The soldiers neither wept nor wailed nor wrung their hands. But in unison, they spoke a stoic silence. It’s not my fault. I was just following orders.
A moment of silence, not for the dead or for the living, but for the sense of relief that they had done their duty without blinking an eye. They slipped on their headsets and sighed a collective breath. By fear or by conquest or by dawn’s early light, it made little difference. Let the dead bury the dead. There’s a six-inch cheese steak waiting for me.
They walked in an un-zombie-like trance, unaware of the present, detached from the past, victims in their own minds of a go-to-college-free scam. Young men. Boys almost. Disconnected from time and space and place, feeling neither the relief of innocence or the remorse of guilt.
Mostly they were just tired. Maybe they would make love to a flickering image or get lost in a battle of apparition ideals. Or maybe they would talk about the Dodgers or the Packers or Manchester United and embrace the mirage of the mundane and ever-so-gently turn away from their memory. Maybe later they would reconcile their actions and their humanity, but right now, my God, what they would do for a steak and cheese and a bed with real pillows.
The viewers at home were tired, too. The food was burning and they were fighting an insurmountable battle to keep a three-year-old from throwing his food on the floor and so they turned away, ever-so-slightly; amused, but mostly relieved that yet another monster had been slain. With every tug at a shirt or story from school or did you know what Margaret said about you yesterday, they soon forgot what exactly they were supposed to be afraid of.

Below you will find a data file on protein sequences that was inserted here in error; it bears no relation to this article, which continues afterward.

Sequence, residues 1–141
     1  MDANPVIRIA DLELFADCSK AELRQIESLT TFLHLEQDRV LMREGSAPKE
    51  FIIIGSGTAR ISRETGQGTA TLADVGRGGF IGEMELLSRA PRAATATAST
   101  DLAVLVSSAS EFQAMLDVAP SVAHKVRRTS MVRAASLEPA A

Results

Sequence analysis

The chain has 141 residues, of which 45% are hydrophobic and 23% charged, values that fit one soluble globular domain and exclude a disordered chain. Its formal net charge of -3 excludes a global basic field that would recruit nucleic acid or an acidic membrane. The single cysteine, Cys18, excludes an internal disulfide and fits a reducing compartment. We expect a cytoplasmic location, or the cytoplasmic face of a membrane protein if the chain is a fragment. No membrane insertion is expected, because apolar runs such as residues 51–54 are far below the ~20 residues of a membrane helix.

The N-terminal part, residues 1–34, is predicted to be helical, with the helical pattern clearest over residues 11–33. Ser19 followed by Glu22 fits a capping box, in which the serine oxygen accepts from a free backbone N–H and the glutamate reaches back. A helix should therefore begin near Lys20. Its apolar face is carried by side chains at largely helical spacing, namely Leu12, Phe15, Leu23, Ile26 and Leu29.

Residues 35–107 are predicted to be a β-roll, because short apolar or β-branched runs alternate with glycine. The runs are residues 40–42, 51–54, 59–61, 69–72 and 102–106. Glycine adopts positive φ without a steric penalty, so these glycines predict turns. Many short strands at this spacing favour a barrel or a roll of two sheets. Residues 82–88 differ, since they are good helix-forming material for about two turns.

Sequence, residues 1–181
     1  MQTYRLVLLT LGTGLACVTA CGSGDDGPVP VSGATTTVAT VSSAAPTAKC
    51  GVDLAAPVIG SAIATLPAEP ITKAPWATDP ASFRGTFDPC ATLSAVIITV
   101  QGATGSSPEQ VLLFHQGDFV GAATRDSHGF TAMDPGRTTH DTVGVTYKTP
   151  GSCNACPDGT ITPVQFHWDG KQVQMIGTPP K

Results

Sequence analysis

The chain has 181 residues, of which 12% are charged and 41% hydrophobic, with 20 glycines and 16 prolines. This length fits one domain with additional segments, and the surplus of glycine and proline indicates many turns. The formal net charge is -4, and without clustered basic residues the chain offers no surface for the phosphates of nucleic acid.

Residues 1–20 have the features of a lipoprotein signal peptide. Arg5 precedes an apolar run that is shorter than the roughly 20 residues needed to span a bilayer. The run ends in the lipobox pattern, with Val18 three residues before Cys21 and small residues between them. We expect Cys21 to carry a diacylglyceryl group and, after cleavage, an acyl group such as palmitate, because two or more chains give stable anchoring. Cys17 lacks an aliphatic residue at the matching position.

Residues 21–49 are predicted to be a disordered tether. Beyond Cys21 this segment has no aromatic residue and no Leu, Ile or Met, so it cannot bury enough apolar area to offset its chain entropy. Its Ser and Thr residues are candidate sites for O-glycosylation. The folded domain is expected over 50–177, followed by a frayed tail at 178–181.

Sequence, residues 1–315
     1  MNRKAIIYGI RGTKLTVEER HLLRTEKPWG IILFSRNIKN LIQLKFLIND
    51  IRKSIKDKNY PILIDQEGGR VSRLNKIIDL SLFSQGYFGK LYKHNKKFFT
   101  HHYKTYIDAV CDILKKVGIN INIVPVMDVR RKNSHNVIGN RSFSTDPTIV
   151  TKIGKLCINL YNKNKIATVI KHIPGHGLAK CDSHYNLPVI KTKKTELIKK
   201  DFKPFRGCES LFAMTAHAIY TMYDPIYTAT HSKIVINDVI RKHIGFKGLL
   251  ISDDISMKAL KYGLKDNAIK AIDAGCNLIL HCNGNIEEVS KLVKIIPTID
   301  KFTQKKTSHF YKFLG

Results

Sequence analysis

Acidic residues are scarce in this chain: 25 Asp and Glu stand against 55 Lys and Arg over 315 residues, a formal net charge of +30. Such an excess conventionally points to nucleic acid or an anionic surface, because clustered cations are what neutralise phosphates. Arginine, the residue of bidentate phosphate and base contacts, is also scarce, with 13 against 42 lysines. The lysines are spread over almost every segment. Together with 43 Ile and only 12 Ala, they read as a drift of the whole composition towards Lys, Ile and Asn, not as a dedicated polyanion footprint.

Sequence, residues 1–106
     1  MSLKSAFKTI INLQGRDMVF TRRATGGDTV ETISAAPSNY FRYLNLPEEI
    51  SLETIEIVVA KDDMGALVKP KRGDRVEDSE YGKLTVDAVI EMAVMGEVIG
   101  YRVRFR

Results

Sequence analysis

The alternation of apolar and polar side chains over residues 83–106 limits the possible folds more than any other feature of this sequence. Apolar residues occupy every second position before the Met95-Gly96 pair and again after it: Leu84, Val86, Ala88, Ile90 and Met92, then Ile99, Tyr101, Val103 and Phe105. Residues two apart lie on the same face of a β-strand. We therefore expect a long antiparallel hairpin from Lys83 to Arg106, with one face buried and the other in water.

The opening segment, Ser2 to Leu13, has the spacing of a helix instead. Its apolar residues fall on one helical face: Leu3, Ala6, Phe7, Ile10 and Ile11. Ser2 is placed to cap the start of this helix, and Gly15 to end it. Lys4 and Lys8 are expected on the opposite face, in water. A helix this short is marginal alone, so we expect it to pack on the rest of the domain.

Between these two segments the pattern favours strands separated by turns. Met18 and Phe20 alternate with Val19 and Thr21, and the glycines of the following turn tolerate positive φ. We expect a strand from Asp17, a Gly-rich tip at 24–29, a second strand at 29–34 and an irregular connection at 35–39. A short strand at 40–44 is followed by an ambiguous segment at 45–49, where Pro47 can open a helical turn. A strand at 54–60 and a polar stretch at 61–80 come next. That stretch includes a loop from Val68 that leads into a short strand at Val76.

The linguist sketched out a scene, grappling with his loss of words, until finally penning, with poetic precision, a piece on pretentious personification, "Death is not the battle cry and bag pipes offering the Dirge of Destruction. Death is Apathy, arriving in plainclothes, drinking sweet tea and greeting us in denim jeans, slipping in with a seductively silent soliloquy. She lulls us into a dazing, dozing, dreamy denial. and steps into the calm complacency. Then finally, she asks us to kindly sit still as she taps her syringe and then walks away. I am Apathy. I have become Death."
“The truth is that cultures change. They die. They transform every time we rewrite our stories. To say that a race is dead or a culture is dead or a society is dead denies the deeper reality that a father and a mother and a son and a brother are dead. Today, humanity died,” the anthropologist answered.
“Maybe Apocolypse is the right word for it,” the linguist replied. Then looking away, he whispered, “Maybe we shouldn’t try and put words to it.”